Kenneth Ziffren in the Hollywood Reporter delves in deeper on the numbers side of things to explain why he thinks “skinny bundles” are not going to survive on their lonesome… and that many of these new content sources can only work by being “additive” to the existing albeit evolving TV infrastructure. I suppose skeptics might point out that Mr. Ziffren –one of the founders of media law firm Ziffren Brittenham— might have an interested in maintaining the media status quo. And I’m sure I’m not the only consumer who doesn’t care that “unbundling” and moving to an “a la carte” system could destroy $100 billion worth of market capitalization. But the financial powers that be surely care — and it might affect what we as consumers can watch (given my social media feeds, anything that interferes with future travels to Stars Hollow may be grounds for bloody revolution).
And finally, there’s this piece by David Sims in The Atlantic about how Disney and Fox have come to an agreement with Hulu to offer live TV via Hulu. Talk about the plot thickening.
In part, I still find it frustrating, because so much of the energy seems to be about establishing content fiefdoms that bigwigs hope will become the standard — or at least realize “attractive market capitalization” — as opposed to “offering a damn fine service that consumers love.”
I mean, I know the financiers don’t like to admit consumers want what they want when they want it, but it was ever thus.
I’ve been thinking about “Peak TV” and such from a couple of articles I talked about back in January. Of course, one of the issues with TV or any cinematic development is that you need something of a development pipeline.
In honor of the impending Season 2 of Daredevil on Netflix this Friday, I’m going to re-posting a list I put on Facebook after my wife and I finally got around to seeing it last Summer.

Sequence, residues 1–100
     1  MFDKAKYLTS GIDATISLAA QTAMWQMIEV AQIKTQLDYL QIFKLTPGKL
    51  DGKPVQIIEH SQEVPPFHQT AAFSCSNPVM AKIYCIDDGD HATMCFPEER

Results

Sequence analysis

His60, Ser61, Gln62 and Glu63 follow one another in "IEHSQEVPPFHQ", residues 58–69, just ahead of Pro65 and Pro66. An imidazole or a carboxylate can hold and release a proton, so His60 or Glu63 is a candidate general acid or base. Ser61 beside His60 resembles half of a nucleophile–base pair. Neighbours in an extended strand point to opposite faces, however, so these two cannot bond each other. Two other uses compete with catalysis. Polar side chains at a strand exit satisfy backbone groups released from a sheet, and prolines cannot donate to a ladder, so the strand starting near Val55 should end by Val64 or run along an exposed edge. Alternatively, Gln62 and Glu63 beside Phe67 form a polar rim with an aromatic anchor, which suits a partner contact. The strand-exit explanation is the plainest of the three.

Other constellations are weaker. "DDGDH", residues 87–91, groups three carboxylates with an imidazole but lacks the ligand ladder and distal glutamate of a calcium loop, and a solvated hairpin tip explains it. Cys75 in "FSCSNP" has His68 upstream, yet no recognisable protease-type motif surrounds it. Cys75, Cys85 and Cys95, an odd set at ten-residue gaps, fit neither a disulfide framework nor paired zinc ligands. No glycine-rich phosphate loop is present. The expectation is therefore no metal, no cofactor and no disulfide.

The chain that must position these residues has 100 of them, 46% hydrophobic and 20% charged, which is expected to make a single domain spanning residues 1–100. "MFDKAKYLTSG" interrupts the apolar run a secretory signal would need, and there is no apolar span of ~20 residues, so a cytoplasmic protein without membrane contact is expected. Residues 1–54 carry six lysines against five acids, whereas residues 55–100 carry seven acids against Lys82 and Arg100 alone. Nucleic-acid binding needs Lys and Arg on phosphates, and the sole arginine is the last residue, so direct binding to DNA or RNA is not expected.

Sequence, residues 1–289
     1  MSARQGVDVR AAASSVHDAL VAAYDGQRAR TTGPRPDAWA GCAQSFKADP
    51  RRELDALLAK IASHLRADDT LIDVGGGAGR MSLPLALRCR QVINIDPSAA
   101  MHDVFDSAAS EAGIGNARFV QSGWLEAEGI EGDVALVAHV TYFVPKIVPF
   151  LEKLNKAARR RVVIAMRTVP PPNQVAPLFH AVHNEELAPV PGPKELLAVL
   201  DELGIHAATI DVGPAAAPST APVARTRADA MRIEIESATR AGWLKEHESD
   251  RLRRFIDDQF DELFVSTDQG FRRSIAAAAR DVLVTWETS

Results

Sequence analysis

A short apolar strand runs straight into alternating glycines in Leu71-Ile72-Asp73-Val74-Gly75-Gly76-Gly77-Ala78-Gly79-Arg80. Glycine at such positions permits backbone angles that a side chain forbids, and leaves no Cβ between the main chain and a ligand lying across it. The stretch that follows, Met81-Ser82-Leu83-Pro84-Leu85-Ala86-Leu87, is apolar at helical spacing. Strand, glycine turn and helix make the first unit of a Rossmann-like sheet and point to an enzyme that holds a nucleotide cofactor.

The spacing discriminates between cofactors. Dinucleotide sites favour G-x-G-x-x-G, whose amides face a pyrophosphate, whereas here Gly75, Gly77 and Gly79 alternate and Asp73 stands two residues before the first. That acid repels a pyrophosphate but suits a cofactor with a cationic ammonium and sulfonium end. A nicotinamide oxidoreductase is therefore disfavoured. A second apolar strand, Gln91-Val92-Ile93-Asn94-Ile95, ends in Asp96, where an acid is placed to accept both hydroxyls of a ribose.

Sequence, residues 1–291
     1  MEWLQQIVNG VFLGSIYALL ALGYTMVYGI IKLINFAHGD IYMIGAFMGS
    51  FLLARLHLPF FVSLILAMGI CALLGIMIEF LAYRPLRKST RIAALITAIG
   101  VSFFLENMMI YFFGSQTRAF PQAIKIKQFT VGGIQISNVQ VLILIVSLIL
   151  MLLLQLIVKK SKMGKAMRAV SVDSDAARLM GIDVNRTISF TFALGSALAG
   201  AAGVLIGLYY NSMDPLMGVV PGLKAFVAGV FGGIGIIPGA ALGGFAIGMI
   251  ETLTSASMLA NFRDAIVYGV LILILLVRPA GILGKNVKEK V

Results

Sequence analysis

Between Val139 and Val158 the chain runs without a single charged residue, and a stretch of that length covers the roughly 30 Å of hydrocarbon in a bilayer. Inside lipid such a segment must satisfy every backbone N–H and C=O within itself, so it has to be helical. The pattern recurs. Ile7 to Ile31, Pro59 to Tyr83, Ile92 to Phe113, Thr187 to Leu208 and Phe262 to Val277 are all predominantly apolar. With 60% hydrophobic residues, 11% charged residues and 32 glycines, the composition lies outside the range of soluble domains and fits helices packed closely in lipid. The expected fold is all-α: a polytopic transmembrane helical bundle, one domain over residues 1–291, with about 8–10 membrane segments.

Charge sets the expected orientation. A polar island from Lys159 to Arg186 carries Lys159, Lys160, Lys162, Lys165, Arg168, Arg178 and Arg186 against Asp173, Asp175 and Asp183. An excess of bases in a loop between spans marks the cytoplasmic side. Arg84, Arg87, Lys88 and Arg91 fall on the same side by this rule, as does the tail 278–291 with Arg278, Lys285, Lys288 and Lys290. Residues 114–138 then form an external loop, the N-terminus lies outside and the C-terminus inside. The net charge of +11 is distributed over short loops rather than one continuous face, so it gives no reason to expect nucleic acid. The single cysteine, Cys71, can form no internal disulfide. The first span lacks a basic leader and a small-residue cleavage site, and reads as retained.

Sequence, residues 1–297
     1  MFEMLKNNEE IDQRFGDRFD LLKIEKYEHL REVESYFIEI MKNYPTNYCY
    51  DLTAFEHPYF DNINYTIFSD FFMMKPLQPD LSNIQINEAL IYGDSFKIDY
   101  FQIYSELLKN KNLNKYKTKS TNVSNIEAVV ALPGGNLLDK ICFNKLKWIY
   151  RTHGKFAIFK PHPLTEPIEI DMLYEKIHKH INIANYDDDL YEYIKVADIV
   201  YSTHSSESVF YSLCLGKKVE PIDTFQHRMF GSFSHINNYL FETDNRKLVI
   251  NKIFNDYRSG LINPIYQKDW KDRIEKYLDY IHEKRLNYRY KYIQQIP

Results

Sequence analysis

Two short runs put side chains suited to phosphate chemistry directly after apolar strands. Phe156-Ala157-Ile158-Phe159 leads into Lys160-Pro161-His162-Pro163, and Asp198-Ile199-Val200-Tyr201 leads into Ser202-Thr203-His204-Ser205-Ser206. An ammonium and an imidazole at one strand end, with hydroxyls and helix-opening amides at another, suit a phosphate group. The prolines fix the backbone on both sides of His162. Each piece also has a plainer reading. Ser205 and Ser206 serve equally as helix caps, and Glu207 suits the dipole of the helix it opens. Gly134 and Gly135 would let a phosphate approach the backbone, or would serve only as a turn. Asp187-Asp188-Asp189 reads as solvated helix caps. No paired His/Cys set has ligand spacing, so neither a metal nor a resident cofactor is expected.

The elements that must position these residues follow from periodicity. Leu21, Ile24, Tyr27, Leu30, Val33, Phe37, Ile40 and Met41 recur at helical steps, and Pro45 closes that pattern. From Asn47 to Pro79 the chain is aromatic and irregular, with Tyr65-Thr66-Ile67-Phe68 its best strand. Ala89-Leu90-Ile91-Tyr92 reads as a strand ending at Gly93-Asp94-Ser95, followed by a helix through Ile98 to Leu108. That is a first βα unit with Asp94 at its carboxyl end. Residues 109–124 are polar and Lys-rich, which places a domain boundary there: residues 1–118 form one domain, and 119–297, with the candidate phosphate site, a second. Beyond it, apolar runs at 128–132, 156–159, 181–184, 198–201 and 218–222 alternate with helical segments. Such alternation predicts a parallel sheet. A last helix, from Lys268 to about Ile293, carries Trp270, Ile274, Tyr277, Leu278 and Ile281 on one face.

For those of you wondering if you should jump in, you should definitely start with Season 1… and I stand by all these observations.
Warning: Potential Spoilers for people who want to go in with no expectations…
Daredevil on Netflix might be for you if:
1) You watched The Dark Knight trilogy and thought, “Oh, they’re trying to be dark and edgy. How cute!”
2) You like to play “Spot the Accent” (Betcha don’t catch ’em all!)
3) You really want to feel better about yourself as a father by comparison
4) You like crusty old reporters whose wrinkles have wrinkles
5) You want to see a creative new spin on “Shut up, Wesley!” You’ll know what I mean.
6) You’ve always wanted to see if Vincent D’Onofrio will literally explode. I mean literally, not figuratively. Like the crew knew some of them would die in the D’Onofri-blast, but they still wanted to film it just to include the real footage in the show.
7) You want to see Rosario Dawson hang a lantern on it like a boss
8) You want validation that art people can dress in white but be just as weird. Seriously, what the hell is that person thinking?
9) You want to see someone completely miss the point of a Bible story.
10) You want to see an amazing drama with engaging characters which is also arguably the best superhero TV show ever made.
My main takeaway was that they were pretty sure the numbers would be there to support scripted programming like Star Trek. They’re looking to this as a good way to do international distribution too, profits from the international market being an every-growing facet of Hollywood equations.
I don’t mind that, because Trek does strive to be universal — okay, at least pervasive in the Alpha Quadrant.
Anyway, it’s good to know because it seems a short time ago, before scripted dramas clearly made a comeback, studios and networks were all about reality television and how to maximize dollars earned. Scripted narratives were nasty, cumbersome expensive things.
If they’re confident in the money earned from distribution, they may feel comfortable giving decent funding to the series, so there won’t be a situation like there was with the Ferengi when they first appeared on Star Trek: The Next Generation.
“Should we return fire, Captain?” “No, we don’t have the budget.”